Some real estate funds obtain their profitability from the income generated by renting the property for commercial purposes. So there are large funds that replicate this practice in agriculture, buying the asset and then delivering it by leasing to experienced operators. But in the end (at the investment exit) all funds bet on some degree of the land’s capital gains, either to participating in development projects (greenfields) or agricultural operations already underway (and with cashflows), but still with further growth potential.

General types of investment funds in Agro:

Large private institutions and intermediaries. Large private equity funds, or Sub-funds of funds, which in turn generate smaller funds to explore international opportunities.

A European classic is the German Aquila giant with several billion in play, earmarking only about USD 100 million to purchase land in the USA and subsequent leases. Other combinations of funds are financial groups or investment banks, entering into a partnership with other investment funds, such as the classic Amerra and the Australian Macquarie Group. Other very large names participating in agriculture in the world are Panda Agriculture and BlackRock, among others.  At the regional level, highlights AdecoAgro, with more than 340,000 hectares in Argentina, Brazil and Uruguay, and with investors of the stature of George Soros.

Institutional investors. In the USA investment funds are the largest investors in private equity, and most probably also in agriculture. Pension funds and insurance companies are relevant actors in the investment market, with large volumes of capital to invest in agriculture. A good example is the USA  is the Teachers ‘Insurance and Annuity with more than 487 USD Billion in managed funds, which is also one of the largest agricultural land investors in the world. Another relevant fund is the Harvard Foundation.

With their student fund investments and other private interests, they are commonly known as endowment funds.

In the specific case of Chile, it is pertinent to comment on the recent regulatory change that allows Pension Fund Management Funds (AFP) to invest in real estate assets. Although it will be a time-taking process, we should not be surprised to see AFP participating in agriculture soon.

Government agencies and Development Banks. They have a major focus in developing countries, with tax funding and motivated by a broad spectrum of political and economic interests. A classic in this group is the IFC or International Finance Corporation, which is the World Bank’s private investment arm. On the other side of the world, particularly in the Middle East countries, with large excesses of cash, a product of the wealth of oil business that must be diversified, large sovereign investment funds (SIF) of countries such as Kuwait, Saudi Arabia, Qatar or the United Arab Emirates (UAE) also seek to invest funds in agriculture. Such is the importance of food security and sectoral investment, which is part of the government’s public policies supporting the Food Security Center and agricultural investment fairs such as Agriscape.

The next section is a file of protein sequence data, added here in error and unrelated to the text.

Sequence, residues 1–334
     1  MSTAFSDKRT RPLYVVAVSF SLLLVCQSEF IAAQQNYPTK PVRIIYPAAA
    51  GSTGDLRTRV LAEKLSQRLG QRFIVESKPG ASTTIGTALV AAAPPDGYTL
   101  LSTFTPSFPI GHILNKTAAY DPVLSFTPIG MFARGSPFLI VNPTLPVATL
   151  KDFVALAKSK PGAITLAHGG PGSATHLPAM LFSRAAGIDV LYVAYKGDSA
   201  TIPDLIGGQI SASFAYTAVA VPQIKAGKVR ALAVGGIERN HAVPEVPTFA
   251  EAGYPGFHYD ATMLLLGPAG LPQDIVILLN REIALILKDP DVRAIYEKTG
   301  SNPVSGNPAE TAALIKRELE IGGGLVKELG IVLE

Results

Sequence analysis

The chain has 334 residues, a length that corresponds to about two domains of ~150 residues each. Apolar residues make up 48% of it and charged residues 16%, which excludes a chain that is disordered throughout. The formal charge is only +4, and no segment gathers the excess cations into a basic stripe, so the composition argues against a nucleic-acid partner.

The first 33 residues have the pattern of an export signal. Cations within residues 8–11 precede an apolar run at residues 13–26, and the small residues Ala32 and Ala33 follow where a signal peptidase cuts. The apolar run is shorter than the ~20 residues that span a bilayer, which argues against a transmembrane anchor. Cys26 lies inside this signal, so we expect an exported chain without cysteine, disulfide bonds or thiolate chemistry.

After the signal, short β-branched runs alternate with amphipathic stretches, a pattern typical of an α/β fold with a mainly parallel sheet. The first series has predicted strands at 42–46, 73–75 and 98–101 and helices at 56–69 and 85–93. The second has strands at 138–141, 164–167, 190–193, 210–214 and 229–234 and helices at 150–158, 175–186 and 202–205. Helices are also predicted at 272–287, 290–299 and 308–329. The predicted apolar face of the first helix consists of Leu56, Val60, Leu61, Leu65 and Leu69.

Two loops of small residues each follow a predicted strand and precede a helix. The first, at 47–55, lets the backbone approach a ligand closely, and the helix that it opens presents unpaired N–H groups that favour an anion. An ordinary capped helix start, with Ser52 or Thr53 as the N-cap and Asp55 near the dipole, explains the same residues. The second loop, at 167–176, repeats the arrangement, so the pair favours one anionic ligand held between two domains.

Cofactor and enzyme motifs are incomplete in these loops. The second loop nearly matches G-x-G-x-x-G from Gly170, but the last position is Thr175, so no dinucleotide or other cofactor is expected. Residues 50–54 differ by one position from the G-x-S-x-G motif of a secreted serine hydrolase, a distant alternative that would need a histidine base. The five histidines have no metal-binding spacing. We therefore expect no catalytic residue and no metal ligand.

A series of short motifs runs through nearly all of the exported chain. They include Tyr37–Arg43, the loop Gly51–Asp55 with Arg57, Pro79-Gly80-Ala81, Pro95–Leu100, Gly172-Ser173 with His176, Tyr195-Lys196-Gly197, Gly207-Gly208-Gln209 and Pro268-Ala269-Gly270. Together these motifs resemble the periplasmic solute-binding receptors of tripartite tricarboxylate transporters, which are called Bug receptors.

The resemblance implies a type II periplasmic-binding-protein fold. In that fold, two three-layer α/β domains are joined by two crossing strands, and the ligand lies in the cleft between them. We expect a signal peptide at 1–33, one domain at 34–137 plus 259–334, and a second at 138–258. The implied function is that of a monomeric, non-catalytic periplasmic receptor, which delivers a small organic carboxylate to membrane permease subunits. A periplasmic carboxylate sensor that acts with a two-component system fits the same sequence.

Multinational corporations and other agribusinesses in the process of internationalization. This group includes large corporations generating their own investment funds, family businesses and family offices investing in agriculture.

In Chile, some large external funds already are known are Cosco (Viña Bisquert), Joyvio (Subsole) or Yantai Changyu Pioneer Wine. At the level of a smaller public-private combination, a reference is the Sembrador Fund. Other exclusively private examples are the increase of capital by Drake (ex D&S-Lider Supermarkets ) in Manuka for USD 25,000,000 the purchase of Limoneira (USA) of Agrícola San Pablo (Larrain Vial) or the most important  M&A deal in the fruit industry of the last years, with the merger of Hortifrut with the blueberry business of Talsa-Perú, valued at USD 160 million.

In Peru, for example of recent important private operations could be the purchase of  Hoja Redonda  (PE) by the group San Miguel (ARG) for USD 64 million, the takeover of Sunshine by Limones Piuranos (PE) and Wealmoor (UK), or another, the purchase of Agricola Challapampa by Vanguard International Corporation. as many other investment funds buying operations extending their operations beyond their home counties.

In Argentina, given its increasing political, exchange-rate and inflation instability, coupled with export restrictions, external investments funds have been less frequent. In addition to the giant AdecoAgro and other equivalent cases, more local funds have been generated to offer profitability in dollars to private investors who do not have more traditional investment vehicles available locally. Some known names in this segment are ManAgro, AdBlick, Faro Capital, among others.

Individual investors. Although on a smaller scale, it is not necessary to forget high net worth individuals, that either via Family Office or directly, could contribute several thousand or even millions of dollars for some Food Agri development or investment. In short, a neighbour, a relative, the partner of your cool store provider or exporting company could be a potential investor in a direct or indirect way, via a Private Investment Fund (FIP or SAFI).